• At the end of the activity we held a debrief to search for areas of improvement on the next operation.
• We always did the work under the slogan of “Safety First.” This meant that our decisions were guided by safety and nothing else—not going a bit further on a hike, nor leaving Antarctica just to get back for a flight. This also meant that we all wore inflatable life vests whenever we went on the tender—it wasn’t really necessary while sailing in the peninsula as the seas were flat calm, but safety is for the unexpected. While sailing, if the seas were rough we would stay inside the pilothouse or in the fully enclosed cockpit, from where you could reef all the sails and adjust the sheets.
• In terms of preparation for this trip I attended the Antarctic Navigation course put on by the Argentine Navy. For two weeks they provided me with abundant information and experiences for navigation in Antarctic waters.
• With regard to the formalities, we had to submit an environmental impact statement which is required by the Argentine Antarctic Institute. This was our permission request, based on the requirements of the Madrid Protocol.
Recommendations & Lessons learned
Engines are indispensible: Exploring Antarctica can be done almost purely by sailing, as many explorers have done in the past. However, having an absolutely reliable engine with ample power and plenty of diesel capacity not only made our life much easier but it also allowed and encouraged us to explore more and get into places that would otherwise not be possible.
Having a good rubber-bottomed tender with a reliable outboard engine, along with good handheld communication: We specifically used this for sending the tender ahead to explore tight and shallow anchorages and then getting the lines to shore. We found the rubber bottom to be better than a hard bottom, as it is much lighter. Our tender did quite well even with the ice we encountered. Our boat is PVC, not hypalon, and did very well.
Sending someone up to the spreader as a lookout for ice made ice navigation much easier and was often necessary: From sea level everything can look like a big white wall, but with a few extra meters you see hope!—6 meters proved to be enough to find the way.
Communicating with all vessels crossing our path: The exchange of information was very important to learn about ice conditions or specifics of crossing a small strait. However, we never took any information as an absolute truth—ice conditions change so fast that what was true yesterday will probably be false today.
Having a good heater, and if possible one that can be on 24 hours: We found it important to keep it on all night—if it’s turned off at night there is a risk of condensation when the temperature drops below the dew point and this continued condensation and flux in temperature every night is not good for everything and everyone onboard. Our Refleks heater in pilot mode consumed a few litres per day, was silent and did not consume electrical power. It also always worked. The important part of the diesel heater was spending time and money to make a good chimney.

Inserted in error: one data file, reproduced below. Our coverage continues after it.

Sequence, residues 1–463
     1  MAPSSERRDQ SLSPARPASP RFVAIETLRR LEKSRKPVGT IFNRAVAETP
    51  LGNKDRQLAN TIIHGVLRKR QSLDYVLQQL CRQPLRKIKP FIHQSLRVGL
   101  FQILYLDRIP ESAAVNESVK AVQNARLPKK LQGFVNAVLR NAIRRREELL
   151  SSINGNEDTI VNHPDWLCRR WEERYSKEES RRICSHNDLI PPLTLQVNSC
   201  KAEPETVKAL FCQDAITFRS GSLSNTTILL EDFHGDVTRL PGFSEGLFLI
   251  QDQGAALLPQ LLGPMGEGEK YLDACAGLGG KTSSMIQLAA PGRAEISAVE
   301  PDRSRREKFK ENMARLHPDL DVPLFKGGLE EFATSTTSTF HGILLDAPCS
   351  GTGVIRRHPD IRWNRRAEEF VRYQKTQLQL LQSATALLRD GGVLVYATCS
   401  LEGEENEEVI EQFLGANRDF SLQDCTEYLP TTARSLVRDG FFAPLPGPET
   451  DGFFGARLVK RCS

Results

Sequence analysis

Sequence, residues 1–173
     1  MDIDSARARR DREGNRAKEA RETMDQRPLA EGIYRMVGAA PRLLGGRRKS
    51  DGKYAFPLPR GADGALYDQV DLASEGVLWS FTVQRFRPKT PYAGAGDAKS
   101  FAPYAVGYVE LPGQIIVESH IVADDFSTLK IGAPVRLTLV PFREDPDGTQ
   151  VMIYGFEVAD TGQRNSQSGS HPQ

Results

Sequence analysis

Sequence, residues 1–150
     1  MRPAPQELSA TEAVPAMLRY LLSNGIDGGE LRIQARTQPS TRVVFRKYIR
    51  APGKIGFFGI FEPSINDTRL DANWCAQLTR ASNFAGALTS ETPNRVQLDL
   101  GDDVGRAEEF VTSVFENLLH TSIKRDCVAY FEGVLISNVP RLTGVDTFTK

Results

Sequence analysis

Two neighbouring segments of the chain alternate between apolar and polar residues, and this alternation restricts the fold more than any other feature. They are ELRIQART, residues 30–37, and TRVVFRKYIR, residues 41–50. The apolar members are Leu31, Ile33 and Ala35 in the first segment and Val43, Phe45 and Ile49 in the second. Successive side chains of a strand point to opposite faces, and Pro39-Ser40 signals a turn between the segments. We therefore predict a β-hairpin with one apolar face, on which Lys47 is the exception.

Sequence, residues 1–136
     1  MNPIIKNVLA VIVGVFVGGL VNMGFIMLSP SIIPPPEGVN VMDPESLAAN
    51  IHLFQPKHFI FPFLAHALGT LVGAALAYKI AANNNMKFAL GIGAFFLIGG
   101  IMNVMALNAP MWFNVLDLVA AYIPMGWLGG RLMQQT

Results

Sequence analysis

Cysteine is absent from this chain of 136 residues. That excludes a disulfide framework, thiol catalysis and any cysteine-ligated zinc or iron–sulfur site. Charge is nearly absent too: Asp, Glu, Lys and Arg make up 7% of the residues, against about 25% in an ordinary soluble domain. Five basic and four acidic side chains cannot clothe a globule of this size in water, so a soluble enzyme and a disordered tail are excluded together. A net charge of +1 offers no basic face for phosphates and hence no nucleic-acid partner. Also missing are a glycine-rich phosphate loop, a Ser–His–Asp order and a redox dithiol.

We did not use any special clothes or super expensive waterproof clothing. We used good Merino wool long underwear, one or more layers of fleece, and then some windbreakers, often doubled as our waterproof outer layer. Waterproof mittens with liner gloves were a must, as was a fleece neck gaiter and wool hat. We often wore two pairs of wool socks and a good pair of rubber waterproof boots. We used the MuckBoots that are insulated for cold climates. It’s amazing how warm you can have your feet with proper footwear. Obviously if one does not have the protection of a pilothouse then the requirements might change a bit, especially while crossing the Drake.
Putting the mooring ropes on reels made life infinitely easier.
Navigational Charts & Software
During our trip we used a variety of devices and charts for navigation. At the start of our trip we used the Argentine chart of Deception Island, which is the best at the moment since it is new, and WG84. For the rest of the Peninsula we also had the Argentine charts but as a reference only. In the Peninsula itself we used the United States charts, as they compile information collected from hydrographical surveys from Argentina, Chile and UK, all on the same chart.
Our system while underway was to plot a GPS position at least once an hour on the chart. We then corroborated the position with bearing and distance from the radar. We were impressed with the chart accuracy, considering that the scale of the charts does not allow great detail.
We also used the free Open CPN software with CM93 vector charts. The performance was satisfactory. It usually gave us a decent position, and we treated it as another aid to navigation just as anywhere in the world where you navigate in restricted waters. We used the software more for passage planning, distances, timings and ETA’s. For this purpose it did quite well.